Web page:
We've written a lot about complex disease in this blog, but we thought it was now time to give the complexity of single-gene disorders its due. Genes for what are often called 'simple' Mendelian traits (traits that are inherited in families in predictable patterns) are much easier to find than genes for complex traits like heart disease or asthma, but that doesn't make them simple.
In part, it's easier to define a 'simple' trait--for example, some forms of oligodontia, or missing teeth, run in families and most forms are due to mutations in Msx1 or Pax9. But it turns out that even a trait that should be easy to define isn't so straightforward--when multiple family members are affected they aren't always missing the same teeth, or the same number of teeth. So, there's something about the timing of the initiation of teeth during development that varies, and probably not by much, but enough to make the phenotype unpredictable, and the variation may well be random.
And, of course more complex phenotypes are even more unpredictable, even if due to single genes. A rare genetic disorder called hypokalemic periodic paralysis (hkpp) is one such trait. This is a channelopathy, an ion channel disorder, usually of sodium ion channels, which regulate the flow of ions into and out of the cell, but in individuals with hkpp, they let potassium into muscle cells but don't let it out in a timely way, thus weakening or paralyzing the muscle.
Hkpp involves anything from fleeting weakness to full paralysis, and in rare cases can be fatal if breathing is involved. The attacks generally resolve within hours, or sooner if the individual consumes potassium, but sometimes can linger for weeks. There are known 'triggers', including heat, hunger, sugar, carbohydrates, alcohol, exercise, and rest after exercise, but attacks can happen even without a trigger, and not everyone shares all the same triggers. So, in a sense this would seem to be a classic case of gene by environment interaction--sometimes. Why is there no apparent trigger for some attacks? And, it's interesting that age of onset is typically during adolescence--so why were these channels seemingly doing their job properly during the active childhood years?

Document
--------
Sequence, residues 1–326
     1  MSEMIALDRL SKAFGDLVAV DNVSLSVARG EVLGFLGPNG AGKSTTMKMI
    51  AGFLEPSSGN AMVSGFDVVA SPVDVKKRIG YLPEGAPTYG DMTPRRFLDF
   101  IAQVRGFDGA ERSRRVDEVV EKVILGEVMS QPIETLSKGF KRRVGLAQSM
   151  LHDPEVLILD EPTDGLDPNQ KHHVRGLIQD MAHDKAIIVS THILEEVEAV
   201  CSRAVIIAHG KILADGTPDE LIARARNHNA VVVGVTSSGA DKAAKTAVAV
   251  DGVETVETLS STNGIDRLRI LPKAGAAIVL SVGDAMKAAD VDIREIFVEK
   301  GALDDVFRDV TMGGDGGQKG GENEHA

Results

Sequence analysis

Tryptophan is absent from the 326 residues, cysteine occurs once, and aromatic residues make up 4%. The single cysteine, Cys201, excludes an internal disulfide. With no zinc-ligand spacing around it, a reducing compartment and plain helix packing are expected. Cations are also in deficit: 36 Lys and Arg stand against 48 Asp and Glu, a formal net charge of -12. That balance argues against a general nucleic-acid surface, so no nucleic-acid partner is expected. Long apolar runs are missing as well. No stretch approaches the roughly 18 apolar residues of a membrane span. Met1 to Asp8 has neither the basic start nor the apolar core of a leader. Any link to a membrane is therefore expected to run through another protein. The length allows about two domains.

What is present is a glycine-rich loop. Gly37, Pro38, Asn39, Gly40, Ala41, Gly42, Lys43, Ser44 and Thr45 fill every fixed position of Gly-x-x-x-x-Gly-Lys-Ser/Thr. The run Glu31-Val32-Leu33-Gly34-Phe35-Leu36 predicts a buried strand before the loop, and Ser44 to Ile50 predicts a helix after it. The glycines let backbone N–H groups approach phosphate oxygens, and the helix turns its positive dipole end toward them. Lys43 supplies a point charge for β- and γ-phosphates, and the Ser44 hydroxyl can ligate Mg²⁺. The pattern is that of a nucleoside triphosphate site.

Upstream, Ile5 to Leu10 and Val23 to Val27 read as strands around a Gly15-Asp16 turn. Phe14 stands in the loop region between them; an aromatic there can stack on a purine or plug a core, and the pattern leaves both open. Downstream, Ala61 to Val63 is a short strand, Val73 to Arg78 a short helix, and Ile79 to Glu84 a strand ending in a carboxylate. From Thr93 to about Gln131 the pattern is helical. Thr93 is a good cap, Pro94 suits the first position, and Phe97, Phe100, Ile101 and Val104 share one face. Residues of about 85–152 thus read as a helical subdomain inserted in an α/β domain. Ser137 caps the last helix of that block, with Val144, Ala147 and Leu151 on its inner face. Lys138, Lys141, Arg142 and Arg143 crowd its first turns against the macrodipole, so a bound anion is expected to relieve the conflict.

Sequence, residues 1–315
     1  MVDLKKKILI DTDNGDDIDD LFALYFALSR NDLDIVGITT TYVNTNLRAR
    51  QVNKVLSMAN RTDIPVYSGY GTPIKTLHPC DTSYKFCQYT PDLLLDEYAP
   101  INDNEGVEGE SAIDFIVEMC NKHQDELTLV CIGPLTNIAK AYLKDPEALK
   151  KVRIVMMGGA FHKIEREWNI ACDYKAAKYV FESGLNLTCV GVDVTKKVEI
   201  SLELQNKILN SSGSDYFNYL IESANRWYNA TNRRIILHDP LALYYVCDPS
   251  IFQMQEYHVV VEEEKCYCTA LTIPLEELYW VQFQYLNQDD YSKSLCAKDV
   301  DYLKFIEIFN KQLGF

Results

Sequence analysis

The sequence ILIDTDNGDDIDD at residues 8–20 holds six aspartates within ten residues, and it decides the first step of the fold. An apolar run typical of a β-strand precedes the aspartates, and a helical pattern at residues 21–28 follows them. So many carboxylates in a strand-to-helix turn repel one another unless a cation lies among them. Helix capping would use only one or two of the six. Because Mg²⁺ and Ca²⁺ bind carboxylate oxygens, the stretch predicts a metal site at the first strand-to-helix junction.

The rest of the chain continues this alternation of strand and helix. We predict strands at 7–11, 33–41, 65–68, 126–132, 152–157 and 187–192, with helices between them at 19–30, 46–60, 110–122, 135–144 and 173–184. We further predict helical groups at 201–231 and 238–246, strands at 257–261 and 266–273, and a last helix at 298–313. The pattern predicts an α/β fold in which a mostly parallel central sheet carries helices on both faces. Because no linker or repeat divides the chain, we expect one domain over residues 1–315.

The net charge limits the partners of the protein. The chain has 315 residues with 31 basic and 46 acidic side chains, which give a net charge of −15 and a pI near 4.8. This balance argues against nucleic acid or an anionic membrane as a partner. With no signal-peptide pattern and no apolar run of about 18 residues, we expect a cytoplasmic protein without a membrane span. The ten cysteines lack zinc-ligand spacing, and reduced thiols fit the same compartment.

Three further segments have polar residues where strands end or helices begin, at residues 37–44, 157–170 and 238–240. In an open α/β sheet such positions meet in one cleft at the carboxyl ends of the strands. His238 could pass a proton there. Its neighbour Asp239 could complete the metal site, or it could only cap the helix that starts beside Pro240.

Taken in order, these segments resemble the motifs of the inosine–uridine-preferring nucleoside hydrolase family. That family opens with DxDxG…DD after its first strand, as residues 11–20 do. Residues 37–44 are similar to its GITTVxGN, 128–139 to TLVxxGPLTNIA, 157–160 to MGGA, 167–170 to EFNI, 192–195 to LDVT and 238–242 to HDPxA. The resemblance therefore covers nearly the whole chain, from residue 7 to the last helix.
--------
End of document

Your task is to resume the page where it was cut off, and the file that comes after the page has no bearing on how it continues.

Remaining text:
Causative mutations have been found in at least three genes, and have been traced in families, but 30% of the families with this disorder don't have mutations in these genes (and often don't share the classic food triggers), and individuals with the same mutation within an affected family can have very different forms of the disorder, from no symptoms at all to just one in their lives to daily episodes of full paralysis.
A similar description could be written for most 'simple' single-gene disorders. The more common the trait, or the more intensely it has been studied, the more this has been shown. Usually, the story is different in different populations, and this is what would be expected on grounds of evolution (population history): in each region of the world, different mutations have arisen or risen in frequency, there are different environmental exposures, and the genomic background (variation at genes other than the 'causal' gene) differs, even with similar phenotypes.
The classic examples are diseases like PKU, cystic fibrosis, and even genes related to resistance to malaria (like sickle-cell hemoglobin). Even the once-simple ABO blood group system is like this. So, if simple diseases are so complex, it's no wonder that complex diseases are so hard to understand.